They are capable of saying in one breath that millions of people are going to die because of oil shortages and with the next breath claim that they can't do anything about it because they just don't want to be inconvenienced.  Then you'll hear them claiming that they deserve to be among the survivors because they've made themselves aware of the situation and they're arming themselves to be sure.

Three cheers for Jevon's paradox, the get-out-of-jail-free card for peak oilers.

OK, if you want to be  ultra-precise, I will revise my statement you quoted as follows:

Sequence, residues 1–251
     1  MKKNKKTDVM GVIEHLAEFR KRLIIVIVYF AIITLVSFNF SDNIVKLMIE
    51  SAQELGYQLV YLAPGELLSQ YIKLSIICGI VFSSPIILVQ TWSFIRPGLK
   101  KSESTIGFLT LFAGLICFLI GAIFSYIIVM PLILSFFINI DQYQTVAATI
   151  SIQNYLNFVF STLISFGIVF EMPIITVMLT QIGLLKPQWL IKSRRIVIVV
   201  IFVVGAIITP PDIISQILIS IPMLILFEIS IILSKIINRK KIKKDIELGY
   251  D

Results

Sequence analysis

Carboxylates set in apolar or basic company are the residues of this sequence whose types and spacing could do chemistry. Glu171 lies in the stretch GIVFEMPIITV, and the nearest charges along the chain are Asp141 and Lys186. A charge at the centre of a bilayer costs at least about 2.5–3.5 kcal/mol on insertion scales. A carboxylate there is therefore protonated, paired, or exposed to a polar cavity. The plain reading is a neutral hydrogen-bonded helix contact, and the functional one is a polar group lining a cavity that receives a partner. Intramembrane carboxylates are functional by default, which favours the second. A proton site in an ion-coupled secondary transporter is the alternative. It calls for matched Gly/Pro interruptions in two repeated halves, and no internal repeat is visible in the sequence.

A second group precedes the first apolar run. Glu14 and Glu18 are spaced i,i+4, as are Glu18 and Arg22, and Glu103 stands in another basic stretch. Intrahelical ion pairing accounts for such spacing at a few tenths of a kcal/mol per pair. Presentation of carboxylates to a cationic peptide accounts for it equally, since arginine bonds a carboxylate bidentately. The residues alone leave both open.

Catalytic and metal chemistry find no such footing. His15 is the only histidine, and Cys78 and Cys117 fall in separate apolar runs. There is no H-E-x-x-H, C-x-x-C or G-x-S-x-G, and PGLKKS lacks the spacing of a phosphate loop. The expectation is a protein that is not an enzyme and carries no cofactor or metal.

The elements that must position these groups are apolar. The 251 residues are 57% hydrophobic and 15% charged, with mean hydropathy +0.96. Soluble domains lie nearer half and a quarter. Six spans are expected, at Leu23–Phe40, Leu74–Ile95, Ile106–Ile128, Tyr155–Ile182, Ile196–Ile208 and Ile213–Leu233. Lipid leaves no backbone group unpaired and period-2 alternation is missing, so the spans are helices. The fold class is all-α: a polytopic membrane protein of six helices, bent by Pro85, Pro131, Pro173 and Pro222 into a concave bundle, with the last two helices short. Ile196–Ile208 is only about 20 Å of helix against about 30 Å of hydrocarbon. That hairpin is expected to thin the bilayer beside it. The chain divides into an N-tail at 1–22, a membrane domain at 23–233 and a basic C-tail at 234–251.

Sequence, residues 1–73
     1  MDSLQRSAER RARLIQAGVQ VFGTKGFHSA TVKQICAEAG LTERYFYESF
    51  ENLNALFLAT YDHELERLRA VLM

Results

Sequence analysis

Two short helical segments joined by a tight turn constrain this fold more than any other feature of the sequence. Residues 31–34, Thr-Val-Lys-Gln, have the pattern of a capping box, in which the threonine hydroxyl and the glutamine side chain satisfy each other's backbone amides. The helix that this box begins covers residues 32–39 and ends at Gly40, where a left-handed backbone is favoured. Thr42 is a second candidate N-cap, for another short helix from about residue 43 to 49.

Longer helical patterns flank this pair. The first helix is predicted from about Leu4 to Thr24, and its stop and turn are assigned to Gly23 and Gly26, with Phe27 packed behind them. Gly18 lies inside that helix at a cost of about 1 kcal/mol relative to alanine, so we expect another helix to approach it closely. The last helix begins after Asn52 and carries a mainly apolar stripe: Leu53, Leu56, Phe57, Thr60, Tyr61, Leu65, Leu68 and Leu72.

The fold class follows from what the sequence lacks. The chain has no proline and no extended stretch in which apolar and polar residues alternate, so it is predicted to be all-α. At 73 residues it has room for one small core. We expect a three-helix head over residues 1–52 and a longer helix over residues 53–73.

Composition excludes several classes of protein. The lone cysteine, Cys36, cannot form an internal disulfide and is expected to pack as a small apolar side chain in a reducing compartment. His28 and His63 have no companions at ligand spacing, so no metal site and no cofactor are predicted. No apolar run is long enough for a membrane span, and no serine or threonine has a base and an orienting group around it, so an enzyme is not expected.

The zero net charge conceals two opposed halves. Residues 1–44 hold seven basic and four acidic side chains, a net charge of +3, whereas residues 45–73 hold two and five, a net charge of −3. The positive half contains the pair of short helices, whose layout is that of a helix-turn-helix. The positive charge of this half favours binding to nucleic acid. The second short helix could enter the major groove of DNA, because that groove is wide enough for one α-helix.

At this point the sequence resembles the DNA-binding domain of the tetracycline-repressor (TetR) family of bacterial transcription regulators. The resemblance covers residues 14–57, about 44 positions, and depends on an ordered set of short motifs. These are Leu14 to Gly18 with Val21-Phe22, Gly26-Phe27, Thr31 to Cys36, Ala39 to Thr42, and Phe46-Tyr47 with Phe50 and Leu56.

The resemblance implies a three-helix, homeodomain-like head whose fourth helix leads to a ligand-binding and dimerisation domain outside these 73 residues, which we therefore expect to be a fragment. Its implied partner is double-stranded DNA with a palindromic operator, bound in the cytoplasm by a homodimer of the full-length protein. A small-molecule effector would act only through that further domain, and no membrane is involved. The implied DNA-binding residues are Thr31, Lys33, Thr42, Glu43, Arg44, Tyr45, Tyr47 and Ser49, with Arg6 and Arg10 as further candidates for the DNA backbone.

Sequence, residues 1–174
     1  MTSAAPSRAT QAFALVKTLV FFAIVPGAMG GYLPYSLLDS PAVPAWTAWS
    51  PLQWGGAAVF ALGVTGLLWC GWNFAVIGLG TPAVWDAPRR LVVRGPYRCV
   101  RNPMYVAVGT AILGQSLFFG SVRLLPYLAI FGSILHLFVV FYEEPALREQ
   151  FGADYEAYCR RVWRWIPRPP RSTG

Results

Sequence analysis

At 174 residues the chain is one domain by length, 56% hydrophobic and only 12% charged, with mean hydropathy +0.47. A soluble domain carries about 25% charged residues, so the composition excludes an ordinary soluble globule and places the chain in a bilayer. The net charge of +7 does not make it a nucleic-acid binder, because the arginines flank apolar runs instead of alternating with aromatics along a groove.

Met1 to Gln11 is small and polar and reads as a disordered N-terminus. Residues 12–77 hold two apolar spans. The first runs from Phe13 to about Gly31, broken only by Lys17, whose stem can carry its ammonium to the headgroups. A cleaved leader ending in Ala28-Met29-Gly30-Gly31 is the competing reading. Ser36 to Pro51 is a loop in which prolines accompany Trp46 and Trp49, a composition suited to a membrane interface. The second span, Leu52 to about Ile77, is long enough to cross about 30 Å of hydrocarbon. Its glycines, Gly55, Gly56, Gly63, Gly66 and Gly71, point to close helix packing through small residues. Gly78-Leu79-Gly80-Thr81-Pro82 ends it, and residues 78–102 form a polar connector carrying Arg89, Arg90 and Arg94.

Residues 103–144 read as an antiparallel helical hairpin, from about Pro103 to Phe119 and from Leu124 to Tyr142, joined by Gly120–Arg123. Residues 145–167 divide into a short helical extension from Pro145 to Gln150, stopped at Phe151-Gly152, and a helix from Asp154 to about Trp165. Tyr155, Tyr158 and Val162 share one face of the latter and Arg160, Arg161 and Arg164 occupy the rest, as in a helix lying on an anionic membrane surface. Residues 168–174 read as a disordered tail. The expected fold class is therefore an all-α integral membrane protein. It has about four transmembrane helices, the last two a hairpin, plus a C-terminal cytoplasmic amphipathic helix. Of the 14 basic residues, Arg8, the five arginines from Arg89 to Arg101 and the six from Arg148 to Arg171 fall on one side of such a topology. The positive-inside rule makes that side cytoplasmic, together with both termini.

"So, for the vast majority of people in the UNITED STATES: no oil means no car; no car means no job; and no job mean no food."


Can you deny that the statement is true?

And yes, I AM talking about the status quo, for what else would I be talking about/

I can't prove whether or not your revised statement is true or not and I doubt that you can either.  What I can say (and have said) is that many who claim that they can't live without a car, can, and more easily than I can.

With awareness comes responsibility.  When someone tells me that energy shortages are going to end our civilization and result in a Hobbesian war of all against all, that requires them to everything in their power to reduce their energy consumption to prevent this from happening.  When they latch on to an outdated and irrelevant economic concept like Jevon's paradox and use it as an excuse for doing nothing about their own contribution to the problem I have to question whether it's appropriate to consider them decent human beings.